Psychiatric Nursing Practice

Psychiatric Nursing Practice

John Hopkins was the first school of nursing to include a course in psychiatric nursing in its curriculum. The first psychiatric nursing practice was primarily custodial and focused on nutrition, hygiene and activity.

The role of psychiatric nurses expanded as physical therapies for the treatment of mental disorders were developed. Treatments such as insulin shock therapy, psychosurgery and electroconvulsive therapy required nurses to use their medical-surgical skills more extensively.

Psychiatric nursing practice’s areas of concern pertaining to actual or potential mental health problems are some of the following – problems related to emotions such as anxiety, anger, loneliness and grief and behaviors and mental states that indicate that the client is a danger to self or others.

To sum it all, a psychiatric-mental health nurse collects client health data, analyzes the data, develops a plan of care that prescribes interventions to attain outcomes and implements them in the plan of care. Other responsibilities involve counseling interventions to assist clients in improving or regaining their coping abilities, fosters mental health and preventing mental illness and disability.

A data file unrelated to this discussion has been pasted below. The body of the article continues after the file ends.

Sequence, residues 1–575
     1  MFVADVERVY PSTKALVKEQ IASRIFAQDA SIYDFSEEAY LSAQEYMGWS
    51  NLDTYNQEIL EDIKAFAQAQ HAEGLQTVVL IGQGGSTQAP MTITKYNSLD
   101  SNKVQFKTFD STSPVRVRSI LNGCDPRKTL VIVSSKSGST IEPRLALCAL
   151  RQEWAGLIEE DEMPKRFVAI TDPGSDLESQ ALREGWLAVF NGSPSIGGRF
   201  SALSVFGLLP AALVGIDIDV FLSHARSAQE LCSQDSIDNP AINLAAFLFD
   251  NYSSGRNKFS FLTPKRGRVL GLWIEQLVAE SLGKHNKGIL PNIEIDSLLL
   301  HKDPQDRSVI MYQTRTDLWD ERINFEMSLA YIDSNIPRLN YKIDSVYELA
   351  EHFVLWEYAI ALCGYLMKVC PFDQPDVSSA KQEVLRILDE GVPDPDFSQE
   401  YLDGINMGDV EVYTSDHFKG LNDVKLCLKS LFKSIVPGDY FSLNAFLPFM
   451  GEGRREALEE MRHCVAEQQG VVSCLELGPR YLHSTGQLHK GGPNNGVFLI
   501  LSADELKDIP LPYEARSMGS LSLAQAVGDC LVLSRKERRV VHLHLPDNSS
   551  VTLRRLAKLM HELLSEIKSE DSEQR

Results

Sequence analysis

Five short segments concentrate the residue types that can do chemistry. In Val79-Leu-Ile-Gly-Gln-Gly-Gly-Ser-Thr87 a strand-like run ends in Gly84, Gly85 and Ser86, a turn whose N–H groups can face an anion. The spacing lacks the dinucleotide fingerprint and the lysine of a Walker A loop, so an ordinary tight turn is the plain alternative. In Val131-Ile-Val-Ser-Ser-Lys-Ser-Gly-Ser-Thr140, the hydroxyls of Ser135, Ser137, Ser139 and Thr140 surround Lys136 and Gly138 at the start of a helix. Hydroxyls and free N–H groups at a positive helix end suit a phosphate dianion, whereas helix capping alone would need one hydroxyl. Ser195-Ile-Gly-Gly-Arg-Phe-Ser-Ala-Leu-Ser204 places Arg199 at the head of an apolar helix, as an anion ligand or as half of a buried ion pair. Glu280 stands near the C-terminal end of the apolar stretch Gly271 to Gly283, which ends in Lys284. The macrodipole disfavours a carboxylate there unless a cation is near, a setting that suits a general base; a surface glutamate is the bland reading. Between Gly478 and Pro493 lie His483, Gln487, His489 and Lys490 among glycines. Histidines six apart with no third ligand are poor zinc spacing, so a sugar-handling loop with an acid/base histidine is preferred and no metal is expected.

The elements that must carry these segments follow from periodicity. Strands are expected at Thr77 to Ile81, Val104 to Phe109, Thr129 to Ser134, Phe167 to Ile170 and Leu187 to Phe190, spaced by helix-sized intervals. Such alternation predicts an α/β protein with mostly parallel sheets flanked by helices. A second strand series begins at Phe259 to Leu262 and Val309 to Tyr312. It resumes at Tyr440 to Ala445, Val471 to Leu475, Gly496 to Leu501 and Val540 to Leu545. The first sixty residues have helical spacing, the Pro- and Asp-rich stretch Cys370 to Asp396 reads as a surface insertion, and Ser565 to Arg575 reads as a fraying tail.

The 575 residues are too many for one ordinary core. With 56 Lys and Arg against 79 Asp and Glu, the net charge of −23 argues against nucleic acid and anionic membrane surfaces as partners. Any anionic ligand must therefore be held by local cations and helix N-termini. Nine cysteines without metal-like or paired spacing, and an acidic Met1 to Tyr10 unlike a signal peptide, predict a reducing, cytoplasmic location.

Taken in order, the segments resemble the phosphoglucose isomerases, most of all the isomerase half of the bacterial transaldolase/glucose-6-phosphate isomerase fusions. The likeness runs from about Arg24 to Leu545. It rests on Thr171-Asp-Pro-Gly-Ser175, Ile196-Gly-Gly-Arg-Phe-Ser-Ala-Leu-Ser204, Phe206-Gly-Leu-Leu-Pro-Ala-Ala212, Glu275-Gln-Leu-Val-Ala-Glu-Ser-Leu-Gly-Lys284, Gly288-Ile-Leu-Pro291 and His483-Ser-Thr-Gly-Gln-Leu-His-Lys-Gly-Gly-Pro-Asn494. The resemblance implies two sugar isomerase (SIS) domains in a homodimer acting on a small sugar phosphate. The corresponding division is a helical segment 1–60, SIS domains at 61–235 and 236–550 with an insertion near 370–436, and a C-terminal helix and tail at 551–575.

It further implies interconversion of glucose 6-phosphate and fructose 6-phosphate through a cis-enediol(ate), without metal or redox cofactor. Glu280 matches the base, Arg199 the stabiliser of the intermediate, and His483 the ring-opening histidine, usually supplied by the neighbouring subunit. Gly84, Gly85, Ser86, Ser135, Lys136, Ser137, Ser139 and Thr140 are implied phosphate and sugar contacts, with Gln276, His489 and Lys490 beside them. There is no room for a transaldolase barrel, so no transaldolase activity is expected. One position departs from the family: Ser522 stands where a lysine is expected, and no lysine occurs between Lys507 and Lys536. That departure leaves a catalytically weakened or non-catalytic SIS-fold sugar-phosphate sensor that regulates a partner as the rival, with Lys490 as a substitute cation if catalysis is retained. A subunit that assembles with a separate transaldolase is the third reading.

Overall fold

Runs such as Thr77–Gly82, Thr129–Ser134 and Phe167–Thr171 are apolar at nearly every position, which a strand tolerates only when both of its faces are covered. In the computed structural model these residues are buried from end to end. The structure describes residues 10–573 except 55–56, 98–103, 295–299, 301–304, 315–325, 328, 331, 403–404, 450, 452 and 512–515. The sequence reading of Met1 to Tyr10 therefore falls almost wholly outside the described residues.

Psychiatric nurses as therapists are particularly suited to working with those with severe mental illness in the context of daily activities, focusing on the here and now to meet each person’s psychosocial needs. In time, psychiatric nursing practice was institutionalized and added to nursing curricula. Standards of care of clients were developed and practiced.

When legal problems arise, these professional standards are used to determine safe and acceptable practice and to assess the quality of care.

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